2018: Frontiers in Plant Science
Martine Gonneau, Thierry Desprez, Marjolaine Martin, Verónica G Doblas, Laura Bacete, Fabien Miart, Rodnay Sormani, Kian Hématy, Julien Renou, Benoit Landrein, Evan Murphy, Brigitte Van De Cotte, Samantha Vernhettes, Ive De Smet, Herman Höfte
The growth of plants, like that of other walled organisms, depends on the ability of the cell wall to yield without losing its integrity. In this context, plant cells can sense the perturbation of their walls and trigger adaptive modifications in cell wall polymer interactions. Catharanthus roseus receptor-like kinase 1-like (CrRLK1L) THESEUS1 (THE1) was previously shown in Arabidopsis to trigger growth inhibition and defense responses upon perturbation of the cell wall, but so far, neither the ligand nor the role of the receptor in normal development was known...
August 6, 2018: Current Biology: CB
Zhaorong Hu, Rui Wang, Mei Zheng, Xingbei Liu, Fei Meng, Hualing Wu, Yingyin Yao, Mingming Xin, Huiru Peng, Zhongfu Ni, Qixin Sun
Common wheat (Triticum aestivum L.) is an important crop for staple food resources worldwide. Lateral root (LR) as the major component of root architecture affects water and nutrient uptake in wheat. The phytohormone ethylene is known to affect LR formation; however, the factor(s) modulating ethylene during this process have not yet been elucidated in wheat. Here, we identified a wheat TaWRKY51 as a key factor that functions in LR formation by modulating ethylene biosynthesis. Wheat TaWRKY51-RNAi lines and both homozygous mutants tawrky51-2a and tawrky51-2b produced less LR number compared with wild type and negative transgenic plants, whereas the TaWRKY51 overexpression (TaWRKY51-OE) lines had the opposite phenotype...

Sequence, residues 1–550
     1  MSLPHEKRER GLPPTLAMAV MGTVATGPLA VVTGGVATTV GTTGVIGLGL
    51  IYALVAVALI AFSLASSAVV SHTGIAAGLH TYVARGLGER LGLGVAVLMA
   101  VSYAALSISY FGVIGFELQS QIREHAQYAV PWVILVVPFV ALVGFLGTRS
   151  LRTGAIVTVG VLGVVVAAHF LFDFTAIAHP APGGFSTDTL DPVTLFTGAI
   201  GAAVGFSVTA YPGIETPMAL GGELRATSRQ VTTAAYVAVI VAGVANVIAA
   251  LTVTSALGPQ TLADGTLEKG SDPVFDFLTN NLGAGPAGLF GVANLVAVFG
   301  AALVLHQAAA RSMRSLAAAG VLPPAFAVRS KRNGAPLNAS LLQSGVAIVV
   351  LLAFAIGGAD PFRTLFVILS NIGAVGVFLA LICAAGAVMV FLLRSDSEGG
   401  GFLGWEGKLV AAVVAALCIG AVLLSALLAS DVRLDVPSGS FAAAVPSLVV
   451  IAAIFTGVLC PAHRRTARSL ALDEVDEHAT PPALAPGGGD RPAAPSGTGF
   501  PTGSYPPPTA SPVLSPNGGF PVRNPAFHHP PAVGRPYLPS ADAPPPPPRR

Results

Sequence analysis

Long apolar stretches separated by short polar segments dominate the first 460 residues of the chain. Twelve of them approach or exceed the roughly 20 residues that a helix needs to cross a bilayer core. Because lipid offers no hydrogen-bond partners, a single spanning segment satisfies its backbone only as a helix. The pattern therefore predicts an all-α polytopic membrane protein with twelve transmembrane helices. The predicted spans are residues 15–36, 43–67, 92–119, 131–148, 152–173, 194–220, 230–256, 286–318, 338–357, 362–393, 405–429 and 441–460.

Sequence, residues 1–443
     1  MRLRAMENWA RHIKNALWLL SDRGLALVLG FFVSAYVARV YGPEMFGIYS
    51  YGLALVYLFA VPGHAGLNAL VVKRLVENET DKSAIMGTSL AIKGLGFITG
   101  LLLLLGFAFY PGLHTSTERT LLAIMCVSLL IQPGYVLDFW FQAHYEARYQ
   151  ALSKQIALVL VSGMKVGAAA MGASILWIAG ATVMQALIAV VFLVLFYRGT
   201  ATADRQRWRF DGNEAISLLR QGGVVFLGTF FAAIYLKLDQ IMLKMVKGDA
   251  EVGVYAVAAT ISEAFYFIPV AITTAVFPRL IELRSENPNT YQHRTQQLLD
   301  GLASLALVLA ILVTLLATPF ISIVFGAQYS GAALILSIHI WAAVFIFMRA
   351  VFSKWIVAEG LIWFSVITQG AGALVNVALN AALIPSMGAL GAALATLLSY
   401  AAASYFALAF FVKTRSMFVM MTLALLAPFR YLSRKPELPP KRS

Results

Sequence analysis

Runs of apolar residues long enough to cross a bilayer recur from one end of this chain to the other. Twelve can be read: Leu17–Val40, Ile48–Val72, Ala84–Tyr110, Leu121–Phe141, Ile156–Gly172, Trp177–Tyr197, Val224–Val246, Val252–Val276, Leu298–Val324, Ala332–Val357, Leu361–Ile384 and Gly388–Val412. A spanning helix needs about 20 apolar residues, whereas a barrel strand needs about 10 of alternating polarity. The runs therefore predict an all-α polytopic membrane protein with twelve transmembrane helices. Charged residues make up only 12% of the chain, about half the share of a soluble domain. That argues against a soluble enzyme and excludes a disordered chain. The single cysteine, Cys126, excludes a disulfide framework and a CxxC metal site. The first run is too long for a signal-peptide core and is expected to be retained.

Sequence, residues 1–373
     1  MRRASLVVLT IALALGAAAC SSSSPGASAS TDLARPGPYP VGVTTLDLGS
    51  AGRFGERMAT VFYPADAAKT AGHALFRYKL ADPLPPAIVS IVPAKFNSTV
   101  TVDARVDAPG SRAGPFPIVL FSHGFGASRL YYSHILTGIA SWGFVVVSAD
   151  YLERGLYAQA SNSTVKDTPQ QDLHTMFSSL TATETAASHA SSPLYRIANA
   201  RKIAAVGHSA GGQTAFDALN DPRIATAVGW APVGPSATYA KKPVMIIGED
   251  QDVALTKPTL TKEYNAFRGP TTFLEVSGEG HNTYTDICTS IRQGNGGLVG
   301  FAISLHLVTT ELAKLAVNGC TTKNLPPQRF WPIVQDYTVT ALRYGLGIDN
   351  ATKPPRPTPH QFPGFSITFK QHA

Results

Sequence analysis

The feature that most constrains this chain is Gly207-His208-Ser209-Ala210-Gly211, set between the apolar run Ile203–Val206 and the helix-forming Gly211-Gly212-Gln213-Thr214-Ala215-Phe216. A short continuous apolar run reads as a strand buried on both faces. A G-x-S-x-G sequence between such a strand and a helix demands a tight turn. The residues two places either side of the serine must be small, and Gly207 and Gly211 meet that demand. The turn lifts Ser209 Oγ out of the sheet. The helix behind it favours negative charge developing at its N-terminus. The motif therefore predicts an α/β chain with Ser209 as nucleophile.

July 25, 2018: Plant Journal: for Cell and Molecular Biology
Zhengyu Wen, Brent N Kaiser
The nitrate transporter 1/peptide transporter (NPF) family represents a growing list of putative nitrate permeable transport proteins expressed within multiple cell types and tissues across a diverse range of plant species. Their designation as nitrate permeable and/or selective transporters is slowly being defined as more genes are characterized and their functional activities tested both in planta and in vitro . The most notable of the NPF family has been the Arabidopsis thaliana homolog, AtNPF6.3 , previously known as AtNRT1...